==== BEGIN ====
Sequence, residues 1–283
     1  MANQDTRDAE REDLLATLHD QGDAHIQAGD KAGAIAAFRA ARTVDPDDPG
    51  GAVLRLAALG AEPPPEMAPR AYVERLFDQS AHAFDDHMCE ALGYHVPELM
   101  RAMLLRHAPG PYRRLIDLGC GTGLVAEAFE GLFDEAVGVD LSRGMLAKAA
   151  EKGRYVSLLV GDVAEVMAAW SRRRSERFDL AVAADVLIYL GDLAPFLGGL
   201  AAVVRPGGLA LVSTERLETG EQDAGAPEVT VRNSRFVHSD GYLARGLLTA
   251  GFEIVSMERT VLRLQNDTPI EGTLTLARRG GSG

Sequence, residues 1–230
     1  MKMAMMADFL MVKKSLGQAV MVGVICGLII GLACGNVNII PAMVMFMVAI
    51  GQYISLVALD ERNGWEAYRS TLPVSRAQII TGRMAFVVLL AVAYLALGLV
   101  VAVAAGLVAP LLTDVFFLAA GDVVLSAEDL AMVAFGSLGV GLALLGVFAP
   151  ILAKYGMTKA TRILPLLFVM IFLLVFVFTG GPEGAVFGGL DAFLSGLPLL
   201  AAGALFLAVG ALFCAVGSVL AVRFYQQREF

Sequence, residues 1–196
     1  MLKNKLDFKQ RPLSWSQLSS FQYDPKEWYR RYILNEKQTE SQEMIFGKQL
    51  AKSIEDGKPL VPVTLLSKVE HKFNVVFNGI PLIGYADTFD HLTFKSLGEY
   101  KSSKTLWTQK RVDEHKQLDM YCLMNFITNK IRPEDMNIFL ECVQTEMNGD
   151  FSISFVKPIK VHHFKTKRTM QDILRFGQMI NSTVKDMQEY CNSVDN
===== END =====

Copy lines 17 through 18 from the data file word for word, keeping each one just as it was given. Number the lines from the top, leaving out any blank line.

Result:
   101  KSSKTLWTQK RVDEHKQLDM YCLMNFITNK IRPEDMNIFL ECVQTEMNGD
   151  FSISFVKPIK VHHFKTKRTM QDILRFGQMI NSTVKDMQEY CNSVDN